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Br J Dermatol. 2000 May;142(5):893-8.

Sensitivity and specificity of epiluminescence microscopy: evaluation on a sample of 2731 excised cutaneous pigmented lesions. The Melanoma Cooperative Study.

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Department of Clinical Immunology, National Tumour Institute 'G. Pascale', Via M.Semmola, 80131 Naples, Italy.


To evaluate the role of epiluminescence microscopy (ELM) in the differential diagnosis of cutaneous pigmented lesions, and to improve the early diagnosis of cutaneous malignant melanoma (CMM), 15,719 pigmented lesions from 8782 consecutive patients were evaluated using ELM with a hand-held video microscope imaging system (MS 500B Micro-Scopeman, Moritex). Comparison between risk levels as inferred from ELM screening and histology was performed on 2731 surgically excised lesions. ELM sensitivity, specificity, positive and negative predictive values, as well as agreement with histological results for the different subgroups of lesions, were determined. Overall agreement was 87.3% (ranging from 85.1% to 92.2% for melanocytic and non-melanocytic lesions, respectively); sensitivity and specificity were high (values ranging from 87.3% to 96.3% among different subsets of ELM-analysed lesions) and statistically significant (P < 0.0001). ELM screening identified 165 new cases of CMM with a high proportion of lesions (115; 70%) in an early phase of tumour growth (Breslow thickness </= 1.5 mm). Thus, ELM is helpful to the clinician in deciding which pigmented lesions need surgical excision, as well as in diagnosing early CMM lesions.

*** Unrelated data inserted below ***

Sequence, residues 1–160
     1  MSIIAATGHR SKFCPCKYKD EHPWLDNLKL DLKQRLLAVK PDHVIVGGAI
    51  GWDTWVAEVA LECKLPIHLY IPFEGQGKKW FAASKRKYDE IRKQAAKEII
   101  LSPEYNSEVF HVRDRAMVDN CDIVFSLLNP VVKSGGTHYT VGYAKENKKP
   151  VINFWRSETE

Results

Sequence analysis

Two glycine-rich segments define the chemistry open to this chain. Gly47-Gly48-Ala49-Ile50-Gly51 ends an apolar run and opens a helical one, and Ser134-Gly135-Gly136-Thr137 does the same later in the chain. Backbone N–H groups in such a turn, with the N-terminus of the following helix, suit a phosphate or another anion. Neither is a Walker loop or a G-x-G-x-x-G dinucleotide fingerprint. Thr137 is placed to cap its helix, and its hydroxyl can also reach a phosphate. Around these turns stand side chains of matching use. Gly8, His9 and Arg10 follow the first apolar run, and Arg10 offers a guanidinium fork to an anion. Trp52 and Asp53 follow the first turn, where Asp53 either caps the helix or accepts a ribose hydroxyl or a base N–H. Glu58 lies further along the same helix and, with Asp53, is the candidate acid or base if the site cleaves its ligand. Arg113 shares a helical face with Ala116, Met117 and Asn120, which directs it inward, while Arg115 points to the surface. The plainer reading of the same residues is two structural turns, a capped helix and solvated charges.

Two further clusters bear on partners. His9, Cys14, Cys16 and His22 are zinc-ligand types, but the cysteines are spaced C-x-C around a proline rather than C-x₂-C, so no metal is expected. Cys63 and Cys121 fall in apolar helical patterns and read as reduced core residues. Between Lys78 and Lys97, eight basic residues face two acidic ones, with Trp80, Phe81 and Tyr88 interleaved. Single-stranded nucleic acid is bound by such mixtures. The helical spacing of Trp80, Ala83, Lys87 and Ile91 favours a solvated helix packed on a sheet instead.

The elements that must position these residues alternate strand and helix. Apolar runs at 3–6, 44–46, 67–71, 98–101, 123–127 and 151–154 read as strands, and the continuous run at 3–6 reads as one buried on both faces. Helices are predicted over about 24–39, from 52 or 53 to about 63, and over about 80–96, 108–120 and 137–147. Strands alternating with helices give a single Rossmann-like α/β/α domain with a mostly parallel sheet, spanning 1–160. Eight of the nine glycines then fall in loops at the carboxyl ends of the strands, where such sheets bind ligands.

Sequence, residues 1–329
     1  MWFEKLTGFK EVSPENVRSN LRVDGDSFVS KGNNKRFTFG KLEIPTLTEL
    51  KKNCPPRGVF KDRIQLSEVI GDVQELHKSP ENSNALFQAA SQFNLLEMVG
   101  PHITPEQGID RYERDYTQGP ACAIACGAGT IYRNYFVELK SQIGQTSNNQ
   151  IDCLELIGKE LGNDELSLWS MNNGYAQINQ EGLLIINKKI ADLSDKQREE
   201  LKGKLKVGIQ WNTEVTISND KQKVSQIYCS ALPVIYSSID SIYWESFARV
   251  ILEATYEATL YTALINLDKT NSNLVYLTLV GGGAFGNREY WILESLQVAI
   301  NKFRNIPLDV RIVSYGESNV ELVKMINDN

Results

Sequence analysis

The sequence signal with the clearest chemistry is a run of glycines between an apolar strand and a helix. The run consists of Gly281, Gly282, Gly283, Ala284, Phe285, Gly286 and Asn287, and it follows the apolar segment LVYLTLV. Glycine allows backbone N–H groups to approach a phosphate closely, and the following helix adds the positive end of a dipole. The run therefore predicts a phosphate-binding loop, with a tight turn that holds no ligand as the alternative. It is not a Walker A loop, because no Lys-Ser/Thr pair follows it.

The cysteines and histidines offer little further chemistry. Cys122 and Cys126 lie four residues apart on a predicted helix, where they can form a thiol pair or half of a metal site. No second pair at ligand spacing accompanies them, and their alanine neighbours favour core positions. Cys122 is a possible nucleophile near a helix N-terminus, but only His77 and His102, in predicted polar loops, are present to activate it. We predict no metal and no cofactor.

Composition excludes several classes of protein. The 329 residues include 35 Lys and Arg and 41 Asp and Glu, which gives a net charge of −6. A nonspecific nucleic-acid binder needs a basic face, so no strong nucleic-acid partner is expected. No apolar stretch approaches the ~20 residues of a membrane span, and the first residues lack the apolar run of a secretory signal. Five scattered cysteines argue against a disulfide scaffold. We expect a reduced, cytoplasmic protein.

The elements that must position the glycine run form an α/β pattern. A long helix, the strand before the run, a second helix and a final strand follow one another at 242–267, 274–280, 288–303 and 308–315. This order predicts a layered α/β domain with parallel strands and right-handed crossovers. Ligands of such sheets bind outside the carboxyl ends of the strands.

[Indexed for MEDLINE]

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